Among other things, he said the government is looking to scale up access to electricity, education, health facilities and direct efforts towards improving the agricultural sector.
He said that it is the duty of the government to do that in a bid to support what the citizens are already doing.
“The bigger responsibility is for the government and we will find ways to address some of the challenges you face in these sectors to a considerable level. Your part is to work hard, within your means and capacity and the government will support you in whatever you are doing,” he said.
To improve agricultural productivity, the head of state said the government will invest in key areas such as providing seeds, agricultural implements, infrastructure and irrigation facilities but the farmers have to have a like minded vision to do things in a modern way, for the joint efforts to bear fruit.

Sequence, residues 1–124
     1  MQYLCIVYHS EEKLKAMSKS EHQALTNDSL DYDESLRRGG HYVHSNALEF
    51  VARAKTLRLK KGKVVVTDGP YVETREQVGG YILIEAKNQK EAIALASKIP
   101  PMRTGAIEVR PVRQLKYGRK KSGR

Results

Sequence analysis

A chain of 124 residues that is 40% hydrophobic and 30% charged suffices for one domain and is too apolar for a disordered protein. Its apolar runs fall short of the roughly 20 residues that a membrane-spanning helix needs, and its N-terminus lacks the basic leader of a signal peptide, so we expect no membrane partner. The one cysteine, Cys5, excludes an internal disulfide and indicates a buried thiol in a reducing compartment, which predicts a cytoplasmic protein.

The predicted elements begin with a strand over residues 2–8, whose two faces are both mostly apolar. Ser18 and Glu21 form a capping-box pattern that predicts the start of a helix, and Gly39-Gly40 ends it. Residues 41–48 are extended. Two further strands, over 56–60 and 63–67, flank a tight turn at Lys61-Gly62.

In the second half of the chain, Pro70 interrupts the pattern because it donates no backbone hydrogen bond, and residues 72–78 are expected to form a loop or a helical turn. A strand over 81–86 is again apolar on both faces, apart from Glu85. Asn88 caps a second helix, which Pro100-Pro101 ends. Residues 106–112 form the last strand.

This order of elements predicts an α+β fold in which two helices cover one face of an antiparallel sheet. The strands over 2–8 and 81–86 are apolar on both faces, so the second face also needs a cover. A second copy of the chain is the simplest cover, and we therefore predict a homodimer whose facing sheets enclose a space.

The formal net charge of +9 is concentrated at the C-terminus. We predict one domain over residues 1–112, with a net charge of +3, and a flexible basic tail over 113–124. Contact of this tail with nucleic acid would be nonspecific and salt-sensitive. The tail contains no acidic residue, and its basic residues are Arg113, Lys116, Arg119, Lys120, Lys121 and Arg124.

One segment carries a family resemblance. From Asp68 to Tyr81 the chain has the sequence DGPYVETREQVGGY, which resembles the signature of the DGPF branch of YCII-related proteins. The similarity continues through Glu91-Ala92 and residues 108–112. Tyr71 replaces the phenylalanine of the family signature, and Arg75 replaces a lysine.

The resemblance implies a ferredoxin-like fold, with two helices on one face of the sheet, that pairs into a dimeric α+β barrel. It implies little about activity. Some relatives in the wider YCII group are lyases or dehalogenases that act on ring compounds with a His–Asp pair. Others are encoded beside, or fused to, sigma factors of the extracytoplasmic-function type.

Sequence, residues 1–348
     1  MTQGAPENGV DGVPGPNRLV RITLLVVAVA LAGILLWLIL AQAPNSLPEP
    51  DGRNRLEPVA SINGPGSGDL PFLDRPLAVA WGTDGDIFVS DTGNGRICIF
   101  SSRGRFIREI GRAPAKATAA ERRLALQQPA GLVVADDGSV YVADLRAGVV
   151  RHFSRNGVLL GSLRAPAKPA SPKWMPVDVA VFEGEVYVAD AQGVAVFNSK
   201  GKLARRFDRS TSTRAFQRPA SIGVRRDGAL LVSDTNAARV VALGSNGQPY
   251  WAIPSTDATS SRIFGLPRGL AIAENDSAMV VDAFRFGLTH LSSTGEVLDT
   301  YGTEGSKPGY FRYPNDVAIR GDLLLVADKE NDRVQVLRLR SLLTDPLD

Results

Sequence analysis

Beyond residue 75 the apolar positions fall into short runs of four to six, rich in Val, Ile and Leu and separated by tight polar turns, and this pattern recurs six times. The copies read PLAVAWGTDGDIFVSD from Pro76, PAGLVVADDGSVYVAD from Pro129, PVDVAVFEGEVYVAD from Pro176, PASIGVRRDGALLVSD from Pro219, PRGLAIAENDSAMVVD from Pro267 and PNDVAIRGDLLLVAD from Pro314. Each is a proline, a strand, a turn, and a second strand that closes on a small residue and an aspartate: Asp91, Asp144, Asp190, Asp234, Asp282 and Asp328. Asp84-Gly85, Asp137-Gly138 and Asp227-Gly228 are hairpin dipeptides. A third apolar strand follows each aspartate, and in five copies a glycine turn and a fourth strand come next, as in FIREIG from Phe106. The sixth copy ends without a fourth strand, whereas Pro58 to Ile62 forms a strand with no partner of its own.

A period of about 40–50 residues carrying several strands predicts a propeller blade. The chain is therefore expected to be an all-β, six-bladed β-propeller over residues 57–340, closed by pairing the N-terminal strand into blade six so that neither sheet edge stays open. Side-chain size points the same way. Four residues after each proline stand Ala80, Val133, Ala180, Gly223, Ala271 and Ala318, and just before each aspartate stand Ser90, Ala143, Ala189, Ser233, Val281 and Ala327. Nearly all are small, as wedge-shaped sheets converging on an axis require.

“You number one role is to take advantage of these gains and preserve them. If it is a road we’ve built, you have a duty to preserve and protect it to last many years. That is what we require from you as citizens,” President Kagame said.
Improving agriculture production
Another example President Kagame gave is in agriculture where he said that while there has been tremendous progress in the sector, a lot more needs to be done to make it more productive and efficient.
A case in point he mentioned the Kinazi Cassava Processing Plant located in the district, which he said he was informed operates at 50 percent, mainly because there is a shortage of cassava.